Clare Pollard has published three collections of poetry with Bloodaxe: The Heavy Petting Zoo (1998), Bedtime (2002) and Look, Clare, Look! (2005). The first of these was largely written while she was still at school and she was subsequently chosen by the Poetry Society as one of Poetry Review’s “New Poets of 1996” at the age of only 16. She went on to win an Eric Gregory Award in 2000.
Donald Singer, Professor of Clinical Pharmacology and Therapeutics, University of Warwick, and President of the Fellowship of Postgraduate Medicine. His interests include research on discovery of new therapies, and public understanding of drugs, health and disease.
Michael Hulse is a poet and translator of German literature, and teaches creative writing and comparative literature at the University of Warwick. He is also editor of The Warwick Review. His latest publications are: The Secret History (poems, Arc) and The Notebooks of Malte Laurids Brigge (translation of Rilke's novel, Penguin Classics). With Donald Singer he co-founded in 2009 the International Hippocrates Prize for Poetry and Medicine.
The prize is supported by:
- The Fellowship of Postgraduate Medicine, a national medical society founded in 1918 and publisher of the Postgraduate Medical Journal
- Heads, Teachers and Industry, an educational charity in existence for almost 25 years, which brings together schools and businesses to support the next generation in getting the education they deserve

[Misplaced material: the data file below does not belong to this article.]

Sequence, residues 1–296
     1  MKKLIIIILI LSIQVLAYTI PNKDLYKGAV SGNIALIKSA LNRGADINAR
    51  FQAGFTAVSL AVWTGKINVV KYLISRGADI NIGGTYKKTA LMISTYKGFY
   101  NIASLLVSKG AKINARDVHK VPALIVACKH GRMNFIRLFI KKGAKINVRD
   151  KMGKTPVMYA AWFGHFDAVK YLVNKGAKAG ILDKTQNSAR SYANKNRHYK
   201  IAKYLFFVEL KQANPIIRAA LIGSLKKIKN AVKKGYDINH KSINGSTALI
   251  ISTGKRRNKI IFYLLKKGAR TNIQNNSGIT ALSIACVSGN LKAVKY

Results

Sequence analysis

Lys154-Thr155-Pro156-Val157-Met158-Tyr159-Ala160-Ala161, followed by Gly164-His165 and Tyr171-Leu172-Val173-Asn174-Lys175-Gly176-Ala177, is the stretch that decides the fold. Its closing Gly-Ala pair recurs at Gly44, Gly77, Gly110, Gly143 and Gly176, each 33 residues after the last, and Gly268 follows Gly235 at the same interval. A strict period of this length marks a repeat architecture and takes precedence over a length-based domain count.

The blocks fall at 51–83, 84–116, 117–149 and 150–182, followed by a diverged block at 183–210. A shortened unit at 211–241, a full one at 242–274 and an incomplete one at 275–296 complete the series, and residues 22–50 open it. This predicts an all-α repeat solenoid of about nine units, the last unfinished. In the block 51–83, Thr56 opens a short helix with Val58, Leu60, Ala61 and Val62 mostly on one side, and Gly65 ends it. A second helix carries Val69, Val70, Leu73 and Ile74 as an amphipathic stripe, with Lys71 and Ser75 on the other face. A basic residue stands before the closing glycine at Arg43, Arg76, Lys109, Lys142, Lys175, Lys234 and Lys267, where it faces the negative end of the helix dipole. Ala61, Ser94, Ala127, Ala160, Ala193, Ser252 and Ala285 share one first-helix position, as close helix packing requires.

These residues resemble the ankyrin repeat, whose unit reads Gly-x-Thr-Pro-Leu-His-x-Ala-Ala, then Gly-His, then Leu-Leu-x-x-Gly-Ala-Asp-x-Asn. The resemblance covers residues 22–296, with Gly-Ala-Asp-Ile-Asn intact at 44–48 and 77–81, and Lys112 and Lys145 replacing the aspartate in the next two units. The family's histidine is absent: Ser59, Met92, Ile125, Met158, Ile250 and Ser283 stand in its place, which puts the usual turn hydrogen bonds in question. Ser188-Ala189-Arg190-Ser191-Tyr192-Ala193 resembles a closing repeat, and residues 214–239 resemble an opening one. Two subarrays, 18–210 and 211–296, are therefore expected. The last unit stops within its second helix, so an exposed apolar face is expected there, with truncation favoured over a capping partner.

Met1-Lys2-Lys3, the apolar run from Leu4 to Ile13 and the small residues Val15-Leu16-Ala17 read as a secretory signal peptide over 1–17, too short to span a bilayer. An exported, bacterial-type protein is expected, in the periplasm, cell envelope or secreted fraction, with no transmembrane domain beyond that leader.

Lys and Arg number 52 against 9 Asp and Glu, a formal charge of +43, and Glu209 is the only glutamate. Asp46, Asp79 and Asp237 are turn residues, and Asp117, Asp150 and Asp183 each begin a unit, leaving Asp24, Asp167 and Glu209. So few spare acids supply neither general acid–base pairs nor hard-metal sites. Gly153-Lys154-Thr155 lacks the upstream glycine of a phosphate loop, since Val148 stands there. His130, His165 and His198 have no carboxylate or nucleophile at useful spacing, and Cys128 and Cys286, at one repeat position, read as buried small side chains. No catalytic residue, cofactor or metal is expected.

- The Cardiovascular Research Trust, a charity founded in 1996, which promotes research and education for the prevention and treatment of disorders of the heart and circulation.
Themes for prize entries may include the nature of the body and anatomy; the history, evolution, current and future state of medical science; the nature and experience of tests; the experience of doctors, nurses and other staff in hospitals and in the community.
Other topics might include experience of patients, families, friends and carers; experiences of acute and long-term illness, dying, birth, cure and convalescence; the patient journey; the nature and experience of treatment with herbs, chemicals and devices used in medicine.
There is both an ‘open’ category, which anyone can enter, and in an ‘NHS’ category which is open to National Health Service employees, health students and those working in professional organisations involved in education and training of NHS students and staff.
Poems entered must be of no more than 50 lines. Submissions must be anonymised, contact details provided separately from title and text of a submitted poem. All submissions must be made by the deadline of 31st January 2011, and must be accompanied by an entry fee (£6 per poem). For more details please visit the website www.hippocrates-poetry.org.
In each category there will be: 1st prize £5,000, 2nd prize £1,000, 3rd prize of £500, and 20 commendations each of £50.
The Hippocrates Prize judges include:
- Gwyneth Lewis who was appointed Wales’ first National Poet in 2005. She is celebrated for her writings on poetry and medicine, including her recent, A Hospital Odyssey, published in 2010 (Bloodaxe) and described by Nobel Prize-winner Sir Martin Evans as a ‘beautifully written poem that describes the epic journey of the soul…’.
- Professor Steve Field CBE who was Chairman of the Council of the Royal College of General Practitioners from 2007-2010. Professor Field is recognised as a national leader in medical education. He is a Member of the Faculty of Harvard University’s program for leading innovation in healthcare and education.